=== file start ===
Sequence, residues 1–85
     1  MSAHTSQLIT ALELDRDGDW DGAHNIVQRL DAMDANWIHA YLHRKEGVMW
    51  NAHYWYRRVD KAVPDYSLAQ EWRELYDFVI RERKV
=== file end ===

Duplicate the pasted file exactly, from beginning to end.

Sequence, residues 1–85
     1  MSAHTSQLIT ALELDRDGDW DGAHNIVQRL DAMDANWIHA YLHRKEGVMW
    51  NAHYWYRRVD KAVPDYSLAQ EWRELYDFVI RERKV